PAVE PAWS Radar Station (from WBZ broadcast)

PAVE PAWS Radar Station (from WBZ broadcast)

12/17/2007

Cape Fear-Mongering

by Joe Brownstein

This past Friday, the Massachusetts Department of Public Health released its report on an Air Force radar system and its possible connection to an elevated childhood cancer rate on Cape Cod. The fact that the study found no connection was the expected result, but you wouldn’t know it from the coverage on WBZ-TV Boston, which has followed the story for the past month and a half.

Since November 5, the station has devoted 14 minutes of on-air time to coverage of the issue over four different segments, looking at whether the Air Force’s PAVE PAWS radar station—a missile defense system whose range covers much of the United States—causes Ewing’s sarcoma, a rare childhood bone cancer.

During its stories, WBZ gave the opinions of parents, children with the disease and brief clips from the department of public health—but no outside expert to comment on the phenomenon. It’s highly questionable that in a city with three top schools of public health—at Harvard, Tufts and Boston University—the station couldn’t get any public health scientists on camera to calm the hysteria.

In 1999, Atul Gawande wrote “The Cancer-Cluster Myth” in the New Yorker, which looked at the phenomenon. Gawande cites cases across the country—from McFarland, Calif., to Newton, Mass.—where cancer clusters have been found.  An unusual number of cancer cases show up—maybe a few times the expected number—and people rush to find a cause.  Sometimes it is a likely culprit like nuclear waste, sometimes an electromagnetic field—more the result of a lack of understanding than any actual evidence. In this case, it was the radar station—which has not been linked to cancer in past studies.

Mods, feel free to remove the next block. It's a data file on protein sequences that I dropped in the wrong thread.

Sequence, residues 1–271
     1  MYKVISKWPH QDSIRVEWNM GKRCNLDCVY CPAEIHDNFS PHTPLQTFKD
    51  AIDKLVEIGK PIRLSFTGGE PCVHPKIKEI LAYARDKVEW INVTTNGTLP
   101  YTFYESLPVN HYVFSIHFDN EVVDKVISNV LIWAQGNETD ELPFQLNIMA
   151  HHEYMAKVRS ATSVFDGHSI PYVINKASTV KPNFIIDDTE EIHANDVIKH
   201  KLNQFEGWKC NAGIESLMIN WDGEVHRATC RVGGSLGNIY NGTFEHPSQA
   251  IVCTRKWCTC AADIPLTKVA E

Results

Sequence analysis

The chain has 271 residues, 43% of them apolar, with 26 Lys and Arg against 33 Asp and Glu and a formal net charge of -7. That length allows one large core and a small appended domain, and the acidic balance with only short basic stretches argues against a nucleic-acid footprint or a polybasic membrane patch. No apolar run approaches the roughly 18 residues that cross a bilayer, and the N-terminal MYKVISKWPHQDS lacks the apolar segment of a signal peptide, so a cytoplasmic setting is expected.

While public health officials can often track outbreaks, Gawande explains, cancers are more difficult because their actual causes are unknown. The clusters that tend to be helpful and find a cause have several thousand times the expected rate of cancer. The Cape, according to the report, has seven times the expected number—six cases—scattered throughout.  In other words, while investigations of cancer clusters frequently take place they just as frequently turn up empty. 

There’s a mathematical reason behind random cancer clusters. While it may seem unusual to have a one in a million event take place (and the odds for this cancer are higher than that), the “one” has to happen somewhere. And if it’s happening randomly, it can happen next door as easily as it can happen on the other side of the country. While your odds of winning the lottery are slim, someone typically does, and haven’t you at some point heard a story of someone winning the lottery twice?

This particular cluster may have more merit—it is a higher incidence of a very specific cancer—but that does not excuse the failure to give the story context.

WBZ also made the mistake of using a parent as an “expert.” Bernard Young, a parent of a daughter with Ewing’s sarcoma, is cited as an “engineer.”  With no further explanation, I can only assume he does not have a public health background.  But even if he did, he is not an expert in this case; he is a parent with the same emotions as any other.

“See, there are people who don’t want any word of this to get out. Perhaps they think our children should die quietly,” he said.

A conspiracy theory—and the Air Force played the role of villain beautifully by refusing to speak on camera. Why they would do so is beyond me, as they had evidence in their favor. Their silence did a major disservice to their own image and public perceptions.

Or perhaps they were worried the story would be one sided. And here, they could make a good case.